Friday, April 27, 2007

Hoar Cross Hall (Part 2)


Friday (Good) 8.40am

It's the start of my last full day here, and right sorry I am for that.
But it’s probably just as well. Enough is enough for now, and I shall be back at the first opportunity, but for the moment...
Well, after feeling bright and sparky and better than since forever on days two and three and even four, yesterday I was definitely not on form. Was the heavy treatment I was asking for too much for my body? Had my new friend and I looked on the wine when it was a little too red? A puzzlement.
But this morning the painful truth became clear. One empty tissue box. I have spent half the night mopping a streaming nose. I have a cold. Not an awful cold. Now that I’m up and hot bathed, and have breakfasted on melon and pastries and coffee, now that I have taken an hour’s walk along the country lanes, I feel just about normal, but it’s a damned shame that nature has seen fit thus to put a small spanner in the works of my really rather successful ‘remake’.

I think I left you just before going to have my ‘reiki’ (I think that's the spelling) treatment. I didn’t recognise the name, but actually, about thirty years ago when I was undergoing treatment for my Bell’s palsy with the lovely Isabelle de Reyher in London, she used me as a sort of guinea pig to try out this new treatment she had just learned. Dangling crystals and magic hands. I wasn’t very impressed with the whole business, and there was no noticeable effect either during or after. So, as soon as I went into the treatment room and saw the dangly crystals, I knew what I was in for. Oh.
Anyway, I lay there for an hour, on my back, with my mind sort of in limbo, while the lady (no girl, this one) presumably dangled her crystals and waved her hands. She barely touches you – and anyway you have all your clothes on and your eyes shut - so, for all I know, she could have been asleep in a corner. I felt very little, and I don’t know whether I’ve had any benefit from it during or after. I’m not saying I haven’t perhaps gained an extra few milligrams of inner strength and calm, but I’m not saying that I have. And I really am a bit sceptical about the dangly crystals.
Anyway, I think I’ll pass on that one next time.

I filled the afternoon with an hour’s ‘deep tissue massage’ (not deep enough for my liking, I’ve requested a stronger girl for today), another session in the water (the novelty of the machines wears off I’m afraid, but I spent 3/4hr being dutiful) and a mini-facial (very relaxing) before heading off to dress for dinner.

Dinner was great fun. The food was fine, but the company was better. My ‘date’ was Mme Chiu Blackmore, previously descrbed, four years a widow, 63, the owner of a small hotel in Yoxford near Aldeburgh, which she is about to sell, to go into retirement in some as yet undecided place. She fancies France, but is rather shy of leaving the known comforts of England.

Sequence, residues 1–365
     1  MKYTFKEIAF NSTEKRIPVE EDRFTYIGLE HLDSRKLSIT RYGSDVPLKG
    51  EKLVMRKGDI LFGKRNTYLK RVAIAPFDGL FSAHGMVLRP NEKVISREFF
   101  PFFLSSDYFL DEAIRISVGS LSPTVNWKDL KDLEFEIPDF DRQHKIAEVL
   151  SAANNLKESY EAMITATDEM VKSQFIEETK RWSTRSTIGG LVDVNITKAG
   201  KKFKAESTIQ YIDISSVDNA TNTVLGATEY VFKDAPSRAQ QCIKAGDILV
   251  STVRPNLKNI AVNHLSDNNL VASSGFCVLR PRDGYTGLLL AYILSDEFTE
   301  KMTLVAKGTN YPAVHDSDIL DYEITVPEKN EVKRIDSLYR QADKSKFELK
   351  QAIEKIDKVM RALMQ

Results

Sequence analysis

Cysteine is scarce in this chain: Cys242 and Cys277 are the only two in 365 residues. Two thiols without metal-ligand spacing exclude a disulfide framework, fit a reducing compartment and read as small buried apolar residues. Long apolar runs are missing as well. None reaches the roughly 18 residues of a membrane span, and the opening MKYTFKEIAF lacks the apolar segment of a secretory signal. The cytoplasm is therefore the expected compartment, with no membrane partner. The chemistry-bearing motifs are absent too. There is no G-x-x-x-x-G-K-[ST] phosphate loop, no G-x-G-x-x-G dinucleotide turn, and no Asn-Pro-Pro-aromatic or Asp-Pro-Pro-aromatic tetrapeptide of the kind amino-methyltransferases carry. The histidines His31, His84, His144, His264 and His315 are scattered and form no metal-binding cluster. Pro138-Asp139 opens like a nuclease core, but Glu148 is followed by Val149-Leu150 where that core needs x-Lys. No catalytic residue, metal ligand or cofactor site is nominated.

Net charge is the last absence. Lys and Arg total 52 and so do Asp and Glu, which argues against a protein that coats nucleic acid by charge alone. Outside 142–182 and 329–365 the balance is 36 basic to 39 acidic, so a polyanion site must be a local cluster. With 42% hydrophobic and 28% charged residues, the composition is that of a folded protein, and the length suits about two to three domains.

So I was able to be useful and encouraging there!
The comversation flowed in fine fashion and so did the wine, for I had ordered wine for our meal in the normal gentlemanly fashion. Chiu, as a liberated lady and an hotelier, had done the same! But we managed between us to end up with all *** bottles empty before us before our evening ended. And a very jolly evening it was too.

Oh. I discovered why the room numbers go up to five hundred and something. The handful of four and five hundreds are the rooms in the original old house. Chiu had one. They are rather more characterful and stylish than the new ones and, I doubt not, more expensive. But I think I shall have to investigate for next time! (PS I did, and my room is the same price bracket as the smaller ones up there .. DEFINITELY next time I ask for a 400!)

Thursday, after a rather shortened walk and a rather small breakfast, I lined up for another new experience. My first manicure. Well, it's not something I would do often, but it was rather nice. In fact it was very nice. You get a hand and lower arm massage (since that goes with a facial too, my hands have done rather well), your cuticles brushed back (rather like having ones teeth cleaned with that awful electric brush thing) and then trimmed, and your nails filed, cleaned and ?peeled, then clear-lacquered. The result was quite surprising. My hands honestly look ten years younger. Even the Wee Tree distorted finger looks almost normal. The veins have crawled back to where veins ought to be, and the wrinkles aren’t half so bad. But, of course, the moment I get back on the farm, it will be back to zero.